I’ve been waiting for someone in the tech/startup world to write something like this for a very long time, and finally, one of the 37Signals guys has said it.
“Startup mythology demands that to create something great, you need superhuman sacrifices. You need to work for no pay, you need to put in 120 hours/week, you need to preferably sleep under the desk and live off pizza as a sole form of nutrient. As a result, you need to abandon your family and risk life without insurance.”
From It doesn’t have to be all or nothing with a startup
Before I get into my big, tangential gripe (something which I have no doubt many people will disagree with) let me grease the wheels a little bit by throwing out a similar example (something which, based on many conversations I’ve had, people are more likely to agree with).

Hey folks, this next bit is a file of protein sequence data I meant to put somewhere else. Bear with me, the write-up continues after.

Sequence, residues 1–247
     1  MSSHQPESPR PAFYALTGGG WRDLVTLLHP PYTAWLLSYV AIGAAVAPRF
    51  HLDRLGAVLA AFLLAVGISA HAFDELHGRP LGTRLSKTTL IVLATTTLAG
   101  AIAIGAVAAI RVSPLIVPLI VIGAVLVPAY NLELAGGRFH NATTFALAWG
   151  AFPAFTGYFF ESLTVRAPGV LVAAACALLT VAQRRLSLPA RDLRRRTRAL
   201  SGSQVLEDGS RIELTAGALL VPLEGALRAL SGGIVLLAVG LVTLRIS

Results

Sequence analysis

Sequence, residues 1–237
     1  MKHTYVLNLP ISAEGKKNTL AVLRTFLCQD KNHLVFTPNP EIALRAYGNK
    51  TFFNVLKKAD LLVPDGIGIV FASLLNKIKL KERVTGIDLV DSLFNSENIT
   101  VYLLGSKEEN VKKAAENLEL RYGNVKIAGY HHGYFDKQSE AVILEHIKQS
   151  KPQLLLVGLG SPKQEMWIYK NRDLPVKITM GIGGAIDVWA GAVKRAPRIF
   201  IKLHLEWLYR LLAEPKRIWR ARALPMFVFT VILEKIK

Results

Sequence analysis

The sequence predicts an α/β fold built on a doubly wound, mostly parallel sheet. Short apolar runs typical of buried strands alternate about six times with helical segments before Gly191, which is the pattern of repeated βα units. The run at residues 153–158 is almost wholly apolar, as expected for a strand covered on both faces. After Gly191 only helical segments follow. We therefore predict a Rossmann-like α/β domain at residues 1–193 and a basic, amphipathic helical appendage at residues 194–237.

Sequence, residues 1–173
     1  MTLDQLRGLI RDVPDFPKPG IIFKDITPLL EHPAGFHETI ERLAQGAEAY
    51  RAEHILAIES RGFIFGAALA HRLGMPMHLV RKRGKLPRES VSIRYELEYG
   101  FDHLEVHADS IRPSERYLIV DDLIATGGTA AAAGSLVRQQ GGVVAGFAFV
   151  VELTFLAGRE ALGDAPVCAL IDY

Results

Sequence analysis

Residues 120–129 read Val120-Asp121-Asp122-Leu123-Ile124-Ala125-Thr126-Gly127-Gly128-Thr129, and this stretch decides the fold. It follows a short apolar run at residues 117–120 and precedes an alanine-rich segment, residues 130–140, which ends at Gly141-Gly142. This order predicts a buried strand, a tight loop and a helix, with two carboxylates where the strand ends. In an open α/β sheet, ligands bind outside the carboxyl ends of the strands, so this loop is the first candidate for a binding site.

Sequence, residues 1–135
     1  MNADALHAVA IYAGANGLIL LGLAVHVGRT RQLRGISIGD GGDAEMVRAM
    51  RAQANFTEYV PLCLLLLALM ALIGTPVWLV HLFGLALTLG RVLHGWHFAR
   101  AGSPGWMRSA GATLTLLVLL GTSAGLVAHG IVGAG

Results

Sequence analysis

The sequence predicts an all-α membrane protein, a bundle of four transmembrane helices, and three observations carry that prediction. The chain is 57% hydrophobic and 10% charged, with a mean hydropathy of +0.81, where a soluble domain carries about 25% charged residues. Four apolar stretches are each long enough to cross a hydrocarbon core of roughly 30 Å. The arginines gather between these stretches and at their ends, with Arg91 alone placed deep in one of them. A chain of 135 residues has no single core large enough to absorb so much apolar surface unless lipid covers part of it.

You know those obnoxious job descriptions that use words like “guru” and “rockstar” to describe who their looking for? (If any recruiters are reading this, I’m looking at you.) Do they turn your stomach when you read them? Why? Is it because calling yourself a “ninja” sets up an unrealistic expectation of what you can or will do for your employer? Does “rocking out” belittle the fact that what you are doing is actually serious and sometimes difficult work? Do these words make your job sound so deceptively fun, that you wonder whether this employer even realizes that they’re still going to have to monetarily compensate you for your efforts?